Tuesday, January 7, 2014 —
RALEIGH — For years, the reporters who cover state government, known as the Capitol Press Corps, held annual skits in which we would perform send-ups of the missteps and misdeeds of the state’s politicians.
Most were good-natured jabs, with a only a few crossing the line into real meanness.
Governors, legislators and lobbyists would attend.
Writing my share of skits over the years, the first I can remember writing was a faux TV ad entitled, “Sam Ellis, semi-attorney at law.” (Ellis, then a state representative and construction company owner from the Raleigh suburb of Garner, had a penchant for arguing points of law on House floor.)
For a variety of reasons (difficult to finance, a shrinking press corps, scheduling difficulties, cantankerous reporter burnout), the press skits stopped a few years back.
Still, every once in while, someone in the Legislative Building press room will shout out an idea, based on the follies and failings at the legislature, for a skit.
One idea that kept recurring to me over the course of the past year was centered around a fictitious city council meeting.
This would be no normal city council meeting. It would be big, really big.
In fact, it would begin this way: “The meeting of the city councils of Raleigh, Charlotte, Asheville, Greensboro and Winston-Salem is called to order, co-mayors Rucho and Moffitt presiding.”
Rucho would be state Sen. Bob Rucho, a Republican from Charlotte. Moffitt would be state Rep. Tim Moffitt, a Republican from Asheville.
Spawned by the two men's decisions to enmesh themselves and the legislature in local fights over the Charlotte airport and Asheville water, the skit would go on to have the two, and members of the legislature/mega-City Council, take bizarre actions over the protests of recently deposed (by legislative fiat) local officials.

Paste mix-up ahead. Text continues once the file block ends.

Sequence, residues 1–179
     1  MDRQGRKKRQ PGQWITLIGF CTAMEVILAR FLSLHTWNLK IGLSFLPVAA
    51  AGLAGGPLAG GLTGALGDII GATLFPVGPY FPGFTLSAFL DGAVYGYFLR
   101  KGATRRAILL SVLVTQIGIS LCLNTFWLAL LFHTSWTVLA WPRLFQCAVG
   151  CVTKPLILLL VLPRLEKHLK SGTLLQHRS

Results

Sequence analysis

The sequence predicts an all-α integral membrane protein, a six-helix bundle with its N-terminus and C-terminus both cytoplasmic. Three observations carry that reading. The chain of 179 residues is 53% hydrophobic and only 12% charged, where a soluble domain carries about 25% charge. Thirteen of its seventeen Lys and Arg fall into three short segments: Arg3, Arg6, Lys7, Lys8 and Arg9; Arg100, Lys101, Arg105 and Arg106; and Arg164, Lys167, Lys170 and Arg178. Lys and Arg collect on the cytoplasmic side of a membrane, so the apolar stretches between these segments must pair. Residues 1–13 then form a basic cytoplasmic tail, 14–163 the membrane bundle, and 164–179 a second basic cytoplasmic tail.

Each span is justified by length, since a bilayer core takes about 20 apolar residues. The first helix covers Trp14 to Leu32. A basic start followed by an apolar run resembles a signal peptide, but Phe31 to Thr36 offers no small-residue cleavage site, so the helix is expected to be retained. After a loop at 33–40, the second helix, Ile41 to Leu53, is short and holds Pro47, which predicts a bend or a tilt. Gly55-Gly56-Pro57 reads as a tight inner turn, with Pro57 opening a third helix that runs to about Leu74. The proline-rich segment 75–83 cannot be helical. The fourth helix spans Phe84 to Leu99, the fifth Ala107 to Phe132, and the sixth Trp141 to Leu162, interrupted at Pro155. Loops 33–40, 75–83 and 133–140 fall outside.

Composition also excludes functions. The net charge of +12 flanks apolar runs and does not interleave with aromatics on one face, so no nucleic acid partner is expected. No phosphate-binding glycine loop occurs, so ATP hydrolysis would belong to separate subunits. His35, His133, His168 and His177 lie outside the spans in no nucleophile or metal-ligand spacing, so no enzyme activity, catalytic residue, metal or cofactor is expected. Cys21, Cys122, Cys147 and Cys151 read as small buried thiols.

They would sell off all city parks in Raleigh to a consortium that included the Chinese government, allowing them to be turned into inter-connecting Wild West theme parks; they would pull up Charlotte’s light rail LYNX commuter train line, selling the metal for scrap and putting the money toward the latest shortfall in the state Medicaid budget; and they would vote to change the name of Winston-Salem to Berger-Apodaca, to honor a couple of accomplished North Carolinians.
As with the actual skits that once picked at the political class, these little pokes in the eye wouldn't be funny to political insiders (assuming they actually are) if they were not grounded in a bit of reality.
Some of that reality just made the news recently.
It seems three of the Lee County school board's five Republicans have switched party affiliation, becoming either Democrats or independents, after the legislature meddled in local affairs there to turn local elections from nonpartisan to partisan affairs.
The three were apparently as impressed as I was with the trend of the legislature usurping local prerogative and power.
Unlike me, they apparently aren’t into writing skits.
Scott Mooneyham is a syndicated columnist for Capitol Press Association and covers activities of the N.C. Legislature.